In this paper, we present the very first study of image-based political communication during a national referendum. We studied 2000 images from the Facebook fan pages of two polarized political groups during the referendum campaign and examined them in terms of text, objects, and color. In comparison to earlier research, we presented significant findings: (1) Our analysis discovered that during a referendum campaign, political propaganda typically emphasizes slogans, the voting date, and the for or against the policy. Furthermore, we observed that the ruling party (pan-green in this case) tends to use more infographics in their campaign materials compared to the opposition. (2) By extracting objects from images, we found that the century-old party (KMT, pan-blue) preferred informal dress, but the ruling party (DPP, pan-green) chose formal attire. (3) Unlike candidate-based elections, our research indicates that political groups do not prioritize their representative colors while coloring. A plausible explanation is that the referendum is for a policy debate, not for individuals or political parties. (4) Based on images with specific purposes, i.e., attacking or consolidating, we noticed that the coloring strategies of both parties in the attacking and consolidating images are comparable, utilizing their representative color more when consolidating votes and the opposing color when assaulting.

In the subsequent phases of our research, we will broaden our examination of the propaganda differences between Taiwan’s elections and referendums. We believe that further research could help us determine if our findings in this paper are applicable to candidate-based elections. In addition, we believe that a cross-cultural analysis between other countries could help us determine whether the results are applicable to other political systems. In conclusion, we list the following potential study directions:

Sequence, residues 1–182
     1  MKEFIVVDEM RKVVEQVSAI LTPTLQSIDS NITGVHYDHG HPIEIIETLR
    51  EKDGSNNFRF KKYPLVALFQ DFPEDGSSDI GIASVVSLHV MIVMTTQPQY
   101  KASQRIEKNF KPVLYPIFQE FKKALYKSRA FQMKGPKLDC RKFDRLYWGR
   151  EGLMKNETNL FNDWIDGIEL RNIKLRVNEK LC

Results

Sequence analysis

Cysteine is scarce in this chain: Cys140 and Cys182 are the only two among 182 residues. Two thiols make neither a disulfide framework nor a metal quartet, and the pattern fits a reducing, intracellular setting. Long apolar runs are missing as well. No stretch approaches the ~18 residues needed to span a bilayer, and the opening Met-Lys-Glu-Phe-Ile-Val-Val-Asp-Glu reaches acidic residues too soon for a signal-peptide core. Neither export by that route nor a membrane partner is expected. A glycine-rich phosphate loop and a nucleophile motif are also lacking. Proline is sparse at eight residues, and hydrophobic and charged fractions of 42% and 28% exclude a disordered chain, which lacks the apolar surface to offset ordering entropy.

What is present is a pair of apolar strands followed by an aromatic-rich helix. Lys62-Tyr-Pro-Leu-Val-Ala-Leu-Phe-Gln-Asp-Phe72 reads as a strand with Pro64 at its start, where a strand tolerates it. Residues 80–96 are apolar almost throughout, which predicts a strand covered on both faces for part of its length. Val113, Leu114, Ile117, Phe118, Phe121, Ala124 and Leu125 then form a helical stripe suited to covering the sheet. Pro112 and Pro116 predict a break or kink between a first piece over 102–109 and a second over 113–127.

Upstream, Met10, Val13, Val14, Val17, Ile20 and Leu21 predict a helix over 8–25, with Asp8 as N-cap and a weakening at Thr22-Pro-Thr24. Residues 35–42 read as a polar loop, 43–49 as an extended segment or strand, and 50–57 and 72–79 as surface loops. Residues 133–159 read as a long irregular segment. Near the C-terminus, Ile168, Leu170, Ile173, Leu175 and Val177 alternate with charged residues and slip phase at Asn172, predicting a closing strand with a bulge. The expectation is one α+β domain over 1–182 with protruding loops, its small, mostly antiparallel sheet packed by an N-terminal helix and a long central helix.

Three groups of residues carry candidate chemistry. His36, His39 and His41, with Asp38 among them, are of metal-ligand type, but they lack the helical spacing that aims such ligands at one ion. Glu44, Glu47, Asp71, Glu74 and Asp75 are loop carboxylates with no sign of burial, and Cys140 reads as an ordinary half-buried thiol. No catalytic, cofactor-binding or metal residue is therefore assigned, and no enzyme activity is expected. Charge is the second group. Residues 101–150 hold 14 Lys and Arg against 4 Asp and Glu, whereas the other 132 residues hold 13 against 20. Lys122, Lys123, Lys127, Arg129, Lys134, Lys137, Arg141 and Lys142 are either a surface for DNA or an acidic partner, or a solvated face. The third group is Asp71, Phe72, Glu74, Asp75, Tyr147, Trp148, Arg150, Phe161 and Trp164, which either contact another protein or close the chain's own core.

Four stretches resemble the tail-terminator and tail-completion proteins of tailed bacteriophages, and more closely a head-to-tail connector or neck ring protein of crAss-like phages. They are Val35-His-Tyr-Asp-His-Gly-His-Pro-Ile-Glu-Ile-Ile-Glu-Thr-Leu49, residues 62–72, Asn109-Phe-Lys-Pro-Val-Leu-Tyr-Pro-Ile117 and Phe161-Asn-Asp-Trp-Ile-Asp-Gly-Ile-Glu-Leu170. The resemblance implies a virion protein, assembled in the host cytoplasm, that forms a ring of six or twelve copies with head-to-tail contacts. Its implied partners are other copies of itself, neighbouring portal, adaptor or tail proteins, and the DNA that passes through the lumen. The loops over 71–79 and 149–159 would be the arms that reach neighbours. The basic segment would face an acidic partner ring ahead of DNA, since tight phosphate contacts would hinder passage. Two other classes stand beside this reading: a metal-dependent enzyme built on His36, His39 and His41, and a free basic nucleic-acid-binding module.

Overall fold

• Integrating color psychology and political science into future research regarding the types of visuals and text content that can maximize the effectiveness of online propaganda.

  • Correlating developing events or poll results to examine how political groupings respond to breaking events and poll results, such as employing radical language or representative color to consolidate support.

  • Studying the similarity and differences between propaganda strategy of the referendum and election campaigns.

  • Performing cross-cultural analysis between different countries to investigate if the findings in this work could be generalized to another political system.

We expect that this research will shed light on our understanding of online political communication. Moreover, we anticipate that the quantitative perspectives in this work will enable netizens and the general public to read, evaluate, and react to political propaganda from unique angles.

Availability of data and materials

The image dataset is currently available via





Democratic Progressive Party


Kuomintang; LSTM, Long Short-Term Memory


Convolutional Neural Network


Chinese Knowledge and Information Processing.


  1. Stier S, Bleier A, Lietz H, Strohmaier M (2018) Election campaigning on social media: politicians, audiences, and the mediation of political communication on Facebook and Twitter. Polit Commun 35(1):50–74

    Article  Google Scholar 

  2. Bossetta M (2018) The digital architectures of social media: comparing political campaigning on Facebook, Twitter, Instagram, and snapchat in the 2016 us election. Journal Mass Commun Q 95(2):471–496

    Article  Google Scholar 

  3. Mahoney J, Feltwell T, Ajuruchi O, Lawson S (2016) Constructing the visual online political self: an analysis of Instagram use by the Scottish electorate. In: Proceedings of the 2016 CHI conference on human factors in computing systems, pp 3339–3351

    Chapter  Google Scholar 

  4. Medina Serrano JC, Papakyriakopoulos O, Hegelich S (2020) Dancing to the partisan beat: a first analysis of political communication on tiktok. In: 12th ACM conference on web science, pp 257–266

    Chapter  Google Scholar 

  5. Won D, Steinert-Threlkeld ZC, Joo J (2017) Protest activity detection and perceived violence estimation from social media images. In: Proceedings of the 25th ACM international conference on multimedia, pp 786–794